Nebraska Department of Defense Project Offers Challenges, Experience, and Graduate Success

Huong Pham standing next to CIGOS 2019 conference banner.

Santos Ramos, a PhD graduate student at the University of Nebraska-Lincoln, finished his dissertation project summer 2019 with the Nebraska Department of Defense. In his last step towards graduation he presented and defended the project early August to his advisor Dr. Laurence Rilett, and professors Dr. Aemal Khattak and Dr. Albert Ratner.

The project's goal was to create a software model using SimTraffic/Synchro 9 that the Department of Defense (DOD) can use to simulate changes in Entrance Control Facilities (ECFs) to improve their effectiveness and efficiency. The product is used to analyze traffic behavior and capacity. The DOD can use the models to simulate changes that could be made to improve the efficiency and effectiveness of ECFs.

Santos has been working on the project since the summer of 2017, as the project was starting phase four. He worked with micro and macrosimulation and statistical analysis to achieve the desired result. This was the first time Santos worked with SimTraffic/Synchro 9 an after grasping the program he learned to push it pas the limits, since it wasn't made to monitor ECFs. The software was primarily chosen out of DOD request, since it already had their certificate of networthiness.

Santos gave credit to Dr. Rilett for showing him that just doing the basics was not enough, and it paid to go further. As advisor, Dr. Rilett would check Santos's work, making sure the numbers made sense and the template behavior looked correct. With an extra eye on the project Santos could make sure the project was always focused on the DOD's original goal.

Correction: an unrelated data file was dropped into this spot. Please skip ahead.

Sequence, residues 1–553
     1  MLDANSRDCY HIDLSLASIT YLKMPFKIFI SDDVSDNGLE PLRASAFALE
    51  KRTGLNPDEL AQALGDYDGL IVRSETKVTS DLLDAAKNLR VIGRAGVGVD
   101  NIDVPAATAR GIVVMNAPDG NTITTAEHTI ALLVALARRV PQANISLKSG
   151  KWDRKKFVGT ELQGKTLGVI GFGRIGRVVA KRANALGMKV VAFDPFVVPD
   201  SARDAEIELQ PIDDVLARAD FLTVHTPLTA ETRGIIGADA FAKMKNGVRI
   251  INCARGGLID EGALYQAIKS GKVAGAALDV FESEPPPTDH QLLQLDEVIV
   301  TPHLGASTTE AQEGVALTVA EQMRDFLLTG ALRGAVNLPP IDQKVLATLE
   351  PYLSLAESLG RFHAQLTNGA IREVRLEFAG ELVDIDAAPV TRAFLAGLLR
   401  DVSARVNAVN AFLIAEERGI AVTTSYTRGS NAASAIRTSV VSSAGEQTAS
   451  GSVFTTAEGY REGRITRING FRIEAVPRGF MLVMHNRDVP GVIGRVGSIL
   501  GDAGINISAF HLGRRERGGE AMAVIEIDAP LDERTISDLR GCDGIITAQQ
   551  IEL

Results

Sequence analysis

He also got to see the side of researching that is not discussed in classes, that is working with a client. Rather than research for research's sake, the project is done to produce an end result for the sponsor of the project. This requires regular meetings and a time constraint to make sure the project is on track. There were four to five meetings a year with advisor Dr. Rilett and two engineers from DOD in attendance. Santos learned to confidently present the work that had been done and explain the next steps.

The University of Nebraska Medical Center (UNMC) collaborated on the project, using their facilities to conduct driving behavior tests by creating in the lab what was proposed in the simulations to see what the situation would look like in real life.

The greatest things he took away from the project was learning how to conduct research that makes an impact, and being able to assess a proposal to know whether it is significant or not. “It’s cool that their actually going to be using this” Santos says with great anticipation of the finished product. DOD was happy with the project, and Santos suspects it is already in use based on their enthusiasm for its implementation.

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